Tag Archives: design thinking

Everything is ripe for innovation

The titles of this post might seem a little simplistic, and to a certain degree it is because it isn’t that easy. But, let’s consider the following story:

Ten years ago, Diane Brown found herself in a dreary hospital room, shocked that this kind of bleak environment was supposed to help her get well. Using her art-world connections, she persuaded a few friends to liven up some of these walls. A decade later, RxART is a thriving nonprofit that brings the work of world-class artists to patients whose spirits are lifted by the presence of colorful, inspirational contemporary art in their daily lives. Since then, artists like Jeff Koons, Matthew Ritchie, Alexis Rockman and William Wegman have lent their expertise to hospitals across the country.

A hospital room designed to heal kids. How cool is that?!

How do you source ideas for innovation out of customers?

How do you source ideas for innovation out of customers?

Phil McKinney asks: are customers a source of ideas for innovation?

Two years ago The Economist published a report where it indicated that by 2020 customers will replace R&D as the main source of new ideas. Well, apart from customers, there are many sources where companies can get ideas for innovation; partners, competitors, non-competing companies and employees.

Some of the most innovative ideas can come from customers themselves. But, you must involve them.

3 criteria your business ideas must have for them to work

idea selection in innovationThis is part three of the series on how to leave small thinking behind. In the first post, I showed you a simple technique for coming up with radical ideas. On the second part, I showed you how to evaluate ideas so they don’t fit into “me-too” territory. Here, I’ll tell you how to determine which ideas might work.

A short recap from part 1 and part 2:

In part 1 of this series I elaborated a little bit on how to shift from “me-too” thinking to “radical thinking” by taking your existing strategy and stretching it to an extreme, and scaling them back a little bit. This technique yields ideas that are impractical, super expensive and dangerous. But you can scale them back a little bit to make them doable.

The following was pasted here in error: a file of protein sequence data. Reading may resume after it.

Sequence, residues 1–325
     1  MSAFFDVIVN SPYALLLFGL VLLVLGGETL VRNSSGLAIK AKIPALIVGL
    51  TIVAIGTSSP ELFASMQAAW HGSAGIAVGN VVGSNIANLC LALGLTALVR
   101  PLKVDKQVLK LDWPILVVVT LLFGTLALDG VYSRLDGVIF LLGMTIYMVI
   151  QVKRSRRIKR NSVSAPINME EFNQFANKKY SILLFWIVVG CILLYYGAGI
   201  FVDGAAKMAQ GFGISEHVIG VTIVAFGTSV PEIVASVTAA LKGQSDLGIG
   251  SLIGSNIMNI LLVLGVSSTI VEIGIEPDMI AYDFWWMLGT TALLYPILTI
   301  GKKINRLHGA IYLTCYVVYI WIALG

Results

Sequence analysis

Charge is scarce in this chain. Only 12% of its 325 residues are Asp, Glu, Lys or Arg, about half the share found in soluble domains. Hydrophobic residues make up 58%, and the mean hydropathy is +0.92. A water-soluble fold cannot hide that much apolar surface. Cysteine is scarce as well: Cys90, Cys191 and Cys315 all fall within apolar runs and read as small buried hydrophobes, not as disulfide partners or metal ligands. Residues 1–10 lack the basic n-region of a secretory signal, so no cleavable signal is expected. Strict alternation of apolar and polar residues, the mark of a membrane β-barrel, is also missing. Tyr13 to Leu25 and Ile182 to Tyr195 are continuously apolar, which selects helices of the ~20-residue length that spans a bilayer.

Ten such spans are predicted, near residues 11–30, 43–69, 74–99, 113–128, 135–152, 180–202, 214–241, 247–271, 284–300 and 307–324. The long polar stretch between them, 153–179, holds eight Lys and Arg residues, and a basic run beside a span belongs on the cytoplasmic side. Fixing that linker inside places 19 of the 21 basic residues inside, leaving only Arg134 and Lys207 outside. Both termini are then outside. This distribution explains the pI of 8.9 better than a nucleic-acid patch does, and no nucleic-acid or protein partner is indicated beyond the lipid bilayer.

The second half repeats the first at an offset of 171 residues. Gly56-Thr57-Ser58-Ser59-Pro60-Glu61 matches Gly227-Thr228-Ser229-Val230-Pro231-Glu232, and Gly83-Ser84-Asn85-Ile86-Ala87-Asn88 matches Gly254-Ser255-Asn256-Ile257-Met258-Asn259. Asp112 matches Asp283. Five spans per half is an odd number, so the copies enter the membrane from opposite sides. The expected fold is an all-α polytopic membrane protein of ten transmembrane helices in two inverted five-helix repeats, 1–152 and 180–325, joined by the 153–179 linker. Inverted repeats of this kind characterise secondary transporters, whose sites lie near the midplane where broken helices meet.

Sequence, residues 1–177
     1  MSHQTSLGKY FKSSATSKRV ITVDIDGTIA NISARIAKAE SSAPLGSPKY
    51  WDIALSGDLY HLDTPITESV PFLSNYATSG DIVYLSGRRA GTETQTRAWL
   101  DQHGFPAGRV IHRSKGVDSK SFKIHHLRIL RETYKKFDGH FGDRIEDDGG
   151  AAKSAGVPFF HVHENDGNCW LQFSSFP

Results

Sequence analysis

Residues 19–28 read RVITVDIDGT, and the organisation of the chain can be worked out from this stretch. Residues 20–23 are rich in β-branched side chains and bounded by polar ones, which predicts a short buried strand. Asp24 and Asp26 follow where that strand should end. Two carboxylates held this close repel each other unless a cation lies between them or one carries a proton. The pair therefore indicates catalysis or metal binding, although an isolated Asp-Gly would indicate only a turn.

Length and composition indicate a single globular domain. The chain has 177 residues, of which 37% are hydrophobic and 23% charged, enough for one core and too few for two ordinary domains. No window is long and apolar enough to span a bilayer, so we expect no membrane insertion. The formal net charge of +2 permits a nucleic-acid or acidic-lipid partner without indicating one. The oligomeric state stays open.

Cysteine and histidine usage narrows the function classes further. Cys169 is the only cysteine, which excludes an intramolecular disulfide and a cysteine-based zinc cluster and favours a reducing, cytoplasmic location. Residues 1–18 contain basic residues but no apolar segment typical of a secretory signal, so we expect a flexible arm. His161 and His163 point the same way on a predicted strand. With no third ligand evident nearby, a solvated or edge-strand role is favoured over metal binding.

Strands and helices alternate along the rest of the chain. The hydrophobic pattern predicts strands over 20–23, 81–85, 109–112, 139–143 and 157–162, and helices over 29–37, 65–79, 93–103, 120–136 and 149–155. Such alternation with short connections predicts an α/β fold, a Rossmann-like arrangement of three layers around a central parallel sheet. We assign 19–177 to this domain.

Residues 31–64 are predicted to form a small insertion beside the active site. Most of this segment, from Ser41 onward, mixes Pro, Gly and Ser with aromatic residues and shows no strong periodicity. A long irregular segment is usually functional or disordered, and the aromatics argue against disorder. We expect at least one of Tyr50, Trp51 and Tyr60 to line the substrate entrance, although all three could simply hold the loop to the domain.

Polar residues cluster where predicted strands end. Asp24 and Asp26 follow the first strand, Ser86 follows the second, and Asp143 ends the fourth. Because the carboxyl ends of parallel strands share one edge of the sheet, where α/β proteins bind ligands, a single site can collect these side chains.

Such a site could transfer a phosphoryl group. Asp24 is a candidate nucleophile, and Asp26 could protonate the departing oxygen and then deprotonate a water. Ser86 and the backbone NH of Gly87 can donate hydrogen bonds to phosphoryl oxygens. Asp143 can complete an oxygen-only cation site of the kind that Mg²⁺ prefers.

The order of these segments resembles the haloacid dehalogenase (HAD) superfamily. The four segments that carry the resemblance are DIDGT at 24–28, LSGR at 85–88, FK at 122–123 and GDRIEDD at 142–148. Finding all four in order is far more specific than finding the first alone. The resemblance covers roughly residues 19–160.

In part 2, I showed you how to further filter those initial ideas by using an evaluation criteria of creativity, business, and people impact.

Great, but after you’ve developed a list of radical ideas how do you decide which ones to pursue?

5 reasons why ethnography is not going to become mainstream anytime soon

It seems that since design thinking and lean startup methodologies have a “talk to potential customers to validate” component, it may seem that ethnography is becoming mainstream.

It isn’t.

In my opinion, of all the innovation techniques available to an innovation practitioner, entrepreneur, marketer or business leader none is more important than getting out on the field and observing people in their domains. And, we have ways to go before this ever becomes mainstream.

Innovation posts of the week: How to think like an innovator

Innovate on Purpose: Why innovation can’t be benchmarked by @ovoinnovation
Think Like an Innovator – HBR
Tackling Complexity and Wicked Problems with Design Thinking by @ralph_ohr & @tdebaillon
The Case for Competitive Collaboration – Core77
Six Bite-Sized Innovation Lessons From Ebay’s New Design Think Tank – FastCo Design
Innovation’s Nine Critical Success Factors – HBR
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Innovation book review: Little Bets by @petersims

Little Bets by Peter Sims

“The side that learns and adapts the fastest often prevails.” – General David Petraeus

You can’t mess with evolution. That’s the message I got from the book Little Bets by Peter Sims.

If you are well versed with the state of current innovation thinking, you will find that the main ideas are heavily influenced by design thinking. This is not a recipe book for design thinking. There are no how to’s. It’s strength lies in it’s synthesis of the main principles of experimental innovation. Today, more commonly known as design thinking.

It’s a well written and engaging book. I read Little Bets in a little over 6 hours. It’s a short read but entertaining read.

What stands out about the book is the distinctive stories and characters Mr. Sims uses to illustrate the main ideas. For example, how Chris Rock tests new jokes in small venues with small audiences before taking them to bigger events. This helps him tests and refine jokes that he knows will resonate with audiences at bigger events. The story of how Pixar’s Toy Story begun from little bets. How the the success of the U.S. Military’s ‘Surge Strategy’ is influenced by Design Thinking.

Innovation posts of the week: Are you improving or innovating?

What did I miss?

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